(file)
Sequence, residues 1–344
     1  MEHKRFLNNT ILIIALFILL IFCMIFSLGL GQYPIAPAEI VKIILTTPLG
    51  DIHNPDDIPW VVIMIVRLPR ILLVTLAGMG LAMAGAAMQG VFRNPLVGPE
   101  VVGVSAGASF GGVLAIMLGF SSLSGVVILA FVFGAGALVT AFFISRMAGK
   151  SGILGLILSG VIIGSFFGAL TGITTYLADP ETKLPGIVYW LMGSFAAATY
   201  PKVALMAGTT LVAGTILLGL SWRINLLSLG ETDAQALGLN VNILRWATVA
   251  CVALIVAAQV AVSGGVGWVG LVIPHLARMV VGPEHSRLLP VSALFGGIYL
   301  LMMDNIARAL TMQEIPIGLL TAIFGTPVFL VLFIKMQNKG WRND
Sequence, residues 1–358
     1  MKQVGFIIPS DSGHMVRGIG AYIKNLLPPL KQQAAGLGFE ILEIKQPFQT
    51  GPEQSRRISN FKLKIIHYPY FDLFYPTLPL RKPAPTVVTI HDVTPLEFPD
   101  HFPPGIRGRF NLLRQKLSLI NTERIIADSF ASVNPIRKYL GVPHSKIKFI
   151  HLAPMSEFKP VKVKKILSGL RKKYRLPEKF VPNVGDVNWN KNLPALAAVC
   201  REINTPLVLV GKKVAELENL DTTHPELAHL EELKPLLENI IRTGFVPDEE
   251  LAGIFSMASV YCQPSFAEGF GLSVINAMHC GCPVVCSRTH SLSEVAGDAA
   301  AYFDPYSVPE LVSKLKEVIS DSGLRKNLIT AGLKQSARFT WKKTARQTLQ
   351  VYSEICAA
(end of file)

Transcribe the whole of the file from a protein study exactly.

Sequence, residues 1–344
     1  MEHKRFLNNT ILIIALFILL IFCMIFSLGL GQYPIAPAEI VKIILTTPLG
    51  DIHNPDDIPW VVIMIVRLPR ILLVTLAGMG LAMAGAAMQG VFRNPLVGPE
   101  VVGVSAGASF GGVLAIMLGF SSLSGVVILA FVFGAGALVT AFFISRMAGK
   151  SGILGLILSG VIIGSFFGAL TGITTYLADP ETKLPGIVYW LMGSFAAATY
   201  PKVALMAGTT LVAGTILLGL SWRINLLSLG ETDAQALGLN VNILRWATVA
   251  CVALIVAAQV AVSGGVGWVG LVIPHLARMV VGPEHSRLLP VSALFGGIYL
   301  LMMDNIARAL TMQEIPIGLL TAIFGTPVFL VLFIKMQNKG WRND
Sequence, residues 1–358
     1  MKQVGFIIPS DSGHMVRGIG AYIKNLLPPL KQQAAGLGFE ILEIKQPFQT
    51  GPEQSRRISN FKLKIIHYPY FDLFYPTLPL RKPAPTVVTI HDVTPLEFPD
   101  HFPPGIRGRF NLLRQKLSLI NTERIIADSF ASVNPIRKYL GVPHSKIKFI
   151  HLAPMSEFKP VKVKKILSGL RKKYRLPEKF VPNVGDVNWN KNLPALAAVC
   201  REINTPLVLV GKKVAELENL DTTHPELAHL EELKPLLENI IRTGFVPDEE
   251  LAGIFSMASV YCQPSFAEGF GLSVINAMHC GCPVVCSRTH SLSEVAGDAA
   301  AYFDPYSVPE LVSKLKEVIS DSGLRKNLIT AGLKQSARFT WKKTARQTLQ
   351  VYSEICAA